Video: Lancer Evo’s Engine Fails Spectacularly, Catches Fire!

Even well-prepped cars sometimes can’t take the heat. Well, factor in the ambient temperature of a place like Willow Springs and it’s not all that surprising a motor can blow. In any event, this clip shows how a motor can blow unexpectedly, and how a capable driver deals with a frightening situation.

Thankfully, the 4G63 motor lets go after the driver of the Synapse Engineering Lancer Evolution rounds the first corner at roughly 80 mph, instead of while pushing 140 mph down the front straight. When the motor does let go, it causes a spin; either from fluid on the tires or an abrupt weight transfer. Whatever the reason, it’s a reminder of how quickly things can go from a calm jaunt to a frightening 360° pirouette.

Soaring water temps, gone unnoticed, were the only indication of the impending fire.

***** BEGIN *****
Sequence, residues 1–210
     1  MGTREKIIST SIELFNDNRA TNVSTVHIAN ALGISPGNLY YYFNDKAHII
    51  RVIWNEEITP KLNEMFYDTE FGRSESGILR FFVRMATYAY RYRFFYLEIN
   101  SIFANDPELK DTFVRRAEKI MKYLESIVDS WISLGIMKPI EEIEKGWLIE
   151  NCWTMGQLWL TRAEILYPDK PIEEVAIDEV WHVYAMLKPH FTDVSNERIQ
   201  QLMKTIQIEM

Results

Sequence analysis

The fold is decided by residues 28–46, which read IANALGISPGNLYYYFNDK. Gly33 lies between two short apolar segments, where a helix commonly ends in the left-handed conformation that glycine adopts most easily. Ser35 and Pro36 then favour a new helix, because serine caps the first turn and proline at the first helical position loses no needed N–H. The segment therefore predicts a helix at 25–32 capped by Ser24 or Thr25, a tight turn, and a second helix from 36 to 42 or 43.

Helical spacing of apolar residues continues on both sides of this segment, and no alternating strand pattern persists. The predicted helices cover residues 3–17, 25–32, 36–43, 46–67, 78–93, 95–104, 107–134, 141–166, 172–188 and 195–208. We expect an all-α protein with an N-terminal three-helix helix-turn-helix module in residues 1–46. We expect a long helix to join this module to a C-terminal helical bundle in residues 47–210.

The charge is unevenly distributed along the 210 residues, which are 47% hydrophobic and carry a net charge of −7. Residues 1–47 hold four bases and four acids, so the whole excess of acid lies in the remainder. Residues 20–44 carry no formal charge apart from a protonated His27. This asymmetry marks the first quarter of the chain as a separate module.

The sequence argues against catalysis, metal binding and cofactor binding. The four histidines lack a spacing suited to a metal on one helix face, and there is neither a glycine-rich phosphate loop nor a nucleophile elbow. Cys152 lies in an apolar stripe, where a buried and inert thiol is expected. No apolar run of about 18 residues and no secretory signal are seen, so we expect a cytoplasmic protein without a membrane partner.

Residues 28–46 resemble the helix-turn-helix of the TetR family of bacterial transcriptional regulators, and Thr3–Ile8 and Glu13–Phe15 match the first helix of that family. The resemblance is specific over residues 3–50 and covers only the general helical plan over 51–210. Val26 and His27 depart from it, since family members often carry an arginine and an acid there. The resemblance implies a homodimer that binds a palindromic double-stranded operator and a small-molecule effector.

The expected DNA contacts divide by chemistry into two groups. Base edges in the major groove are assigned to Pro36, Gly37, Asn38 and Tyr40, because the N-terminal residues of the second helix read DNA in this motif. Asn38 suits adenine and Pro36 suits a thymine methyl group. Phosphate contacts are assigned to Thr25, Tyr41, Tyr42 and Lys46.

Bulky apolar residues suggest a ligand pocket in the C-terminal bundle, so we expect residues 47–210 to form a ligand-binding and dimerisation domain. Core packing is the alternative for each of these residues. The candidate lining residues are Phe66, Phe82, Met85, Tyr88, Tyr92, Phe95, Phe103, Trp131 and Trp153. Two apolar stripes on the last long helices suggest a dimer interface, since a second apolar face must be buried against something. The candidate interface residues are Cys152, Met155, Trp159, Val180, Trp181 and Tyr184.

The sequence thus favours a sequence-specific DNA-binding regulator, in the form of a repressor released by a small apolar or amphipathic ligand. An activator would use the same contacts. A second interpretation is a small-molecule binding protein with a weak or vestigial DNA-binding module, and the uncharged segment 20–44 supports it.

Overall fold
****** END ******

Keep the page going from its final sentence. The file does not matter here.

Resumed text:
Soaring water temps, gone unnoticed, were the only indication of the impending fire.

The driver calmly controls the slide to the best of their abilities and comes to a halt. Promptly, he exits the car—ignoring the flames licking at the hood—and inspect from afar. During the hurried exit from the Evo, he pulls his woefully undersized fire extinguisher, but thankfully, the flames seem to simmer somewhat.

This is, unfortunately, a reality of track driving. It’s never overkill to have some form of fire protection, since an inferno is never completely out of the question. While it’s unlikely that a well-prepared car will roast without warning, the demands a track places on a car are immense. It’s always better to be prepared, and respond quickly and calmly. That might prevent a pricey track toy from becoming a charred wreck.

About the author

Tommy Parry

Tommy Parry has been racing and writing about racing cars for the past seven years. As an automotive enthusiast from a young age, he worked jobs revolving around cars throughout high school, and tried his hand on the race track on his 20th birthday. After winning his first outdoor kart race, Tommy began working as an apprentice mechanic to amateur racers in the Bay Area to sharpen his mechanical understanding. He has worked as a track day instructor and automotive writer since 2012, and continues to race karts, formula cars, sedans, and rally cars in the San Francisco region.
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